Danish landrace goose, indigenous to Denmark, is regarded as a hardy bird with low reproduction rate.
|Other Names||Danish Goose|
|Physical Characteristics||Medium sized goose|
|Plumage Colors||Gray variety – Orange legs and beak with blue eyes
Gray mottled or white variety – Grey head, inner wings, and back with the rest of the body being sparkling white
|Weight||About 6 kg when full grown|
|Country of Origin||Denmark|
History and Development
The breed is believed to have emerged from the Scandinavian wild gray geese. It is learned from archaeological remains that the goose was a preferred poultry item among Vikings. It was also the most popular poultry, and the only goose bred in Denmark till the end of the 17th century. The Vikings used the bird for its eggs and meat while its feathers were used for arrows.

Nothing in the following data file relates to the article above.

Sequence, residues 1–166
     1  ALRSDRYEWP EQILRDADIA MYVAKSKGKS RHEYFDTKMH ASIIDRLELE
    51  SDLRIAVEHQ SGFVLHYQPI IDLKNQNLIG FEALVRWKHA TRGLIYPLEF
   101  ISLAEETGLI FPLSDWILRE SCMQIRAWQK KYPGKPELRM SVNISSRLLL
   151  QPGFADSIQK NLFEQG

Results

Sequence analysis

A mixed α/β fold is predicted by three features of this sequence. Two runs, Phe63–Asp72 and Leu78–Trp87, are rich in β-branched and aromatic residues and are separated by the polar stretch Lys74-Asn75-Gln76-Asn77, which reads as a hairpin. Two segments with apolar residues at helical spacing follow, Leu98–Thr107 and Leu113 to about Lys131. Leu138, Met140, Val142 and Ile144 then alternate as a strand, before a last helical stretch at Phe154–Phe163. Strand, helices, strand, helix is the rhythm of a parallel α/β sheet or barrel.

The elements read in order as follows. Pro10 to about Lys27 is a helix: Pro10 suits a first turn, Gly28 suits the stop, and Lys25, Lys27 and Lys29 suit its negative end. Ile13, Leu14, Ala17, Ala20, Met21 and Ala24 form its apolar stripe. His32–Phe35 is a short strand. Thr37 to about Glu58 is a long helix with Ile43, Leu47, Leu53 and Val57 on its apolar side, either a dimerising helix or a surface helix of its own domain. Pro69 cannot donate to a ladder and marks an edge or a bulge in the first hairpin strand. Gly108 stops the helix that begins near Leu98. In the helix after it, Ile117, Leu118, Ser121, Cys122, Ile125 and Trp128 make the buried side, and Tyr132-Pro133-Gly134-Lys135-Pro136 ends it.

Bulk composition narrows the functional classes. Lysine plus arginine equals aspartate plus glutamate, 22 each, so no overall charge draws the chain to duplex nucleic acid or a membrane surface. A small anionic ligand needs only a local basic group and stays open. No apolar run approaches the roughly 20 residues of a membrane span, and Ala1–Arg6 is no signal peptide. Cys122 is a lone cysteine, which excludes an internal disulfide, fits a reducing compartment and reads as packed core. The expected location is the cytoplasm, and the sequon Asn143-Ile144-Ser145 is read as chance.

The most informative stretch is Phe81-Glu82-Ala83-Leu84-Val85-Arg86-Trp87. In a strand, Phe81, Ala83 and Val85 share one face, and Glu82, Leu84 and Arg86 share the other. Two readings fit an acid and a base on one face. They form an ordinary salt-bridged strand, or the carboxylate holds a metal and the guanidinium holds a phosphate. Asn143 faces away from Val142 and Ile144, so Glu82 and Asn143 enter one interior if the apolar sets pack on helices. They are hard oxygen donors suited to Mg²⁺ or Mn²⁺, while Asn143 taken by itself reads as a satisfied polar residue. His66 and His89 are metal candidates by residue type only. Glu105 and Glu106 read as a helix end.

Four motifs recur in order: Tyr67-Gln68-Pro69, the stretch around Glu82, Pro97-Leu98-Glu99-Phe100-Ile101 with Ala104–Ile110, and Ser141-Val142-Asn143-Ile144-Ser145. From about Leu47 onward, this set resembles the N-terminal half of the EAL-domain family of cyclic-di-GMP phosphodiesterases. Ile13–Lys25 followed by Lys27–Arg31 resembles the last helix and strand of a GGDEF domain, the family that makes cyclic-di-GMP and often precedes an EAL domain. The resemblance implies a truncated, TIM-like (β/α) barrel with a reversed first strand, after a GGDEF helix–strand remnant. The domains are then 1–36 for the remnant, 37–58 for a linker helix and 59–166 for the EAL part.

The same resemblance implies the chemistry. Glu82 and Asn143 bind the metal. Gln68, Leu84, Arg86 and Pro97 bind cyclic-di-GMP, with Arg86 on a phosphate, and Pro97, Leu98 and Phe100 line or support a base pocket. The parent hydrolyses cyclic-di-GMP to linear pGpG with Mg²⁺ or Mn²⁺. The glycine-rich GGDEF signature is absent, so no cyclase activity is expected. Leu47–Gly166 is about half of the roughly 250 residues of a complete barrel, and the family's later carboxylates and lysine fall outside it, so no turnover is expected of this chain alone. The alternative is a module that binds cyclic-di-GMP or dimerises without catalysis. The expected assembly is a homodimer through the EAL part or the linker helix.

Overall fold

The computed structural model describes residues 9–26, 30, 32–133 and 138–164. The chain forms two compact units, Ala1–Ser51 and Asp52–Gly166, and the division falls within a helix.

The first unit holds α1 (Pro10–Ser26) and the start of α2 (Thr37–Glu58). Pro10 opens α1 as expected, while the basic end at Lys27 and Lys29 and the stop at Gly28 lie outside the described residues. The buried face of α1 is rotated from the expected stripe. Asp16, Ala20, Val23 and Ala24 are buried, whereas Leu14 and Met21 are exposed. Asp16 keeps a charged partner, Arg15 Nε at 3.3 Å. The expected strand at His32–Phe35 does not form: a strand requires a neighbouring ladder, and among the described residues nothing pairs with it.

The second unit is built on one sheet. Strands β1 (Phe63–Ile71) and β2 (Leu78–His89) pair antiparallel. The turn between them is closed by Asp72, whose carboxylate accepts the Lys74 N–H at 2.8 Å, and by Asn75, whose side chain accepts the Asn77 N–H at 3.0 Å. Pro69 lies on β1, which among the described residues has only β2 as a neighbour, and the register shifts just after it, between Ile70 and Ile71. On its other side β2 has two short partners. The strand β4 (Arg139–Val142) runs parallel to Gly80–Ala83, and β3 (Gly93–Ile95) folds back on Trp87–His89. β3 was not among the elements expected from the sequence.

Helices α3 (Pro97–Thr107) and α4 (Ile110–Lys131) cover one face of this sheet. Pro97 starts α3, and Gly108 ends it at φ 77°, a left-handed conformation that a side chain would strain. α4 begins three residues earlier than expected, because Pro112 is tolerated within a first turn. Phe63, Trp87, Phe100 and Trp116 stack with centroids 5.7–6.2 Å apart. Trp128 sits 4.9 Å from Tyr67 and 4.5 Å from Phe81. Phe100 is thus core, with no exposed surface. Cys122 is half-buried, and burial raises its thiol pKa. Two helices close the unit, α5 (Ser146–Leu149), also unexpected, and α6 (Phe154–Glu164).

The breed was on the verge of extinction at the end of the 20th century but, a sincere breeding program helped the species to survive. A limited number of Danish Landrace Geese exists today, with only 50 herds registered in 2006.
- The goose is a traditional item on the dinner table for St. Martin’s Day in Denmark.
- Its feathers were commonly used for manufacturing quills.